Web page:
Countryside groups are warning the government they must address potential pitfalls in the forthcoming Localism Bill, despite being broadly welcoming of the proposals.
The issue was discussed at the BIAC conference in Northamptonshire which was titled ‘Localism and beyond’ (13 October).
The new Localism Bill attempts to bring together planning, housing and local policy under one act.
The National Planning Policy Framework (NPPF) will work with the Localism Bill to reform the planning system. It will have a significant impact in the rural community on building regulations and planning permission.
Advantages of the new policies are the proposed streamlining of regulations to make planning applications easier and more efficient, cutting down red tape and shifting power to the local and community level.
William Worsley, president of CLA, said local action was not a new concept to the farming community: “The countryside has been doing it for years and understands it better than anyone.”
He gave examples of localism in action in the everyday lives of farmers from the drainage of land, to flood defence to the clearing of snow.
But speakers warned the government that there were potential pitfalls with some of the planning reforms.
Mr Worsley said: “It is a well-meaning initiative but the government has not properly thought the implications.”
Retrospective planning permissions would lead to small deliberate breaches and the concealment of developments, he said.
The NFU’s chief rural affairs adviser, David Collier, said that while shifting decision-making and power to the local community was a step forward not many people would have the time in reality to do it.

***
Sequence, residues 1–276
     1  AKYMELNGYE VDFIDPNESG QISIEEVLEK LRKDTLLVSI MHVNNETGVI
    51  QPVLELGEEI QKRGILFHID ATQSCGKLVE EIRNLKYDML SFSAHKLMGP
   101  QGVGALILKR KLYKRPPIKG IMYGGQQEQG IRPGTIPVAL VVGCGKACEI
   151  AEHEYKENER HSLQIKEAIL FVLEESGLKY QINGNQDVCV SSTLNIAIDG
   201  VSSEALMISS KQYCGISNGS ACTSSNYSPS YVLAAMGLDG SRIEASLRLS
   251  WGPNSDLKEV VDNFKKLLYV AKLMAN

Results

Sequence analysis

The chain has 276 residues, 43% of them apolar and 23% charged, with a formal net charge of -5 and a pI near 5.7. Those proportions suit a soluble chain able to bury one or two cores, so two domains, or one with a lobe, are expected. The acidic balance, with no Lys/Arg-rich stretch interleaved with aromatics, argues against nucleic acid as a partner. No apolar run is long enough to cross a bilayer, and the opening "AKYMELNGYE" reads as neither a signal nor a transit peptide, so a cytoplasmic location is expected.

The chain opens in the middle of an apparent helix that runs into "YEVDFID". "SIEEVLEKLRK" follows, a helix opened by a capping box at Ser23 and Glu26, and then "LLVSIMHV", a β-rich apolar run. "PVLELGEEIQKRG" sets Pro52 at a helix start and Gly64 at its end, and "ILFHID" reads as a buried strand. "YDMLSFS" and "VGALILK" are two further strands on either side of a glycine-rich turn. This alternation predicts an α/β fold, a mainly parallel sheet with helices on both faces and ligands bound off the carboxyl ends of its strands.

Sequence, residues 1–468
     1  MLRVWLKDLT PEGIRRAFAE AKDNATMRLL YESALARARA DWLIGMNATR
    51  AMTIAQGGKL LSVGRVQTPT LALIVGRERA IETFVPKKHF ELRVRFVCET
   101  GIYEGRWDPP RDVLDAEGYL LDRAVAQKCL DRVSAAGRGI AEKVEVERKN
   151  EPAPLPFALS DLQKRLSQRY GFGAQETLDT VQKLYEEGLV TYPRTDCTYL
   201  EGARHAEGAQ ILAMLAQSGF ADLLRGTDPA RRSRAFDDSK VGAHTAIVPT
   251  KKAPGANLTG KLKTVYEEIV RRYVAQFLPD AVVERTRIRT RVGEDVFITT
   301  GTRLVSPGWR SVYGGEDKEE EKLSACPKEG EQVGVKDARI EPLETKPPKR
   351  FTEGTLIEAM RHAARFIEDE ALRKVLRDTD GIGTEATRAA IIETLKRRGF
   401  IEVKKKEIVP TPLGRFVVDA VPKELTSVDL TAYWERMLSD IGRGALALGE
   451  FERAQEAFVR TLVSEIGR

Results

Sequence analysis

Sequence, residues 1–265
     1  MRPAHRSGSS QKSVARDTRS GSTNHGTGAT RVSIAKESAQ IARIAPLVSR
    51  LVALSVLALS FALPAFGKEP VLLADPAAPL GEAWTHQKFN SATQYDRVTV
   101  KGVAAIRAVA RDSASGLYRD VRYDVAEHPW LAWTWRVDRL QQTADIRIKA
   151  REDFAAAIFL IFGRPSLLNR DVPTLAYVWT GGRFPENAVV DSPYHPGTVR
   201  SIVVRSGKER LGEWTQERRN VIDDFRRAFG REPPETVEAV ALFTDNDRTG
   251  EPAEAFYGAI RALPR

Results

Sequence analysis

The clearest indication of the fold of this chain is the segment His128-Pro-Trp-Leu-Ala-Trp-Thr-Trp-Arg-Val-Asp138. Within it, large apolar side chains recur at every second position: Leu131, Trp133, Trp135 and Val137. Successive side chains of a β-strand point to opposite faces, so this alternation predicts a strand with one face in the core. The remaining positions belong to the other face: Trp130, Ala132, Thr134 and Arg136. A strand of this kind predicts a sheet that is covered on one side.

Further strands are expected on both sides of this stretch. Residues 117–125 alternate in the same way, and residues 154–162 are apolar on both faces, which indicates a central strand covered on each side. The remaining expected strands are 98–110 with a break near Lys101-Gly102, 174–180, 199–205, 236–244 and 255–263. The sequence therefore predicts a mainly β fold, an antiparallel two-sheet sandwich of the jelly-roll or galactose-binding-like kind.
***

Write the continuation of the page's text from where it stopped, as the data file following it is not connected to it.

He feared that neighbourhood planning would fall to retired professionals whose agendas may not serve the whole community.
The decisions would be made against economic development and in favour of the status quo, he said. They would be guided by “nimbyism and not-over-there-either-ism.”
The Localism Bill is currently at the Lords Report stage and Royal Assent is expected in November.
However, the NFU has welcomed an amendment which means farmers can allow land to be used for community events without it hampering their ability to sell in future.
The Bill introduces provisions to protect Assets of Community Value (ACVs), requiring local authorities to maintain a list of properties deemed to have some social value to members of the local community, for instance village shops and pubs
However, these new rules could have seen farmers and landowners prevented from selling land at a time of their choosing, due to a lack of clarity over what can be listed as an ACV.
Any land designated as such would face a moratorium on any sale so that community groups are given time to submit a bid.
NFU head of government affairs Nick von Westenholz gave the example of a landowner or occupier who allows his property to be used for local events such as the annual village fete.
Under the original proposals, to do so would have run the risk that a field could have been designated an ACV, so impeding his ability to dispose of the land as he wished in future.
“The threat of this risk would have resulted in less land being made available for community use, not more”, said Mr von Westenholz. “However, we are pleased the government has now listened to our concerns and introduced a number of key changes to the legislation.”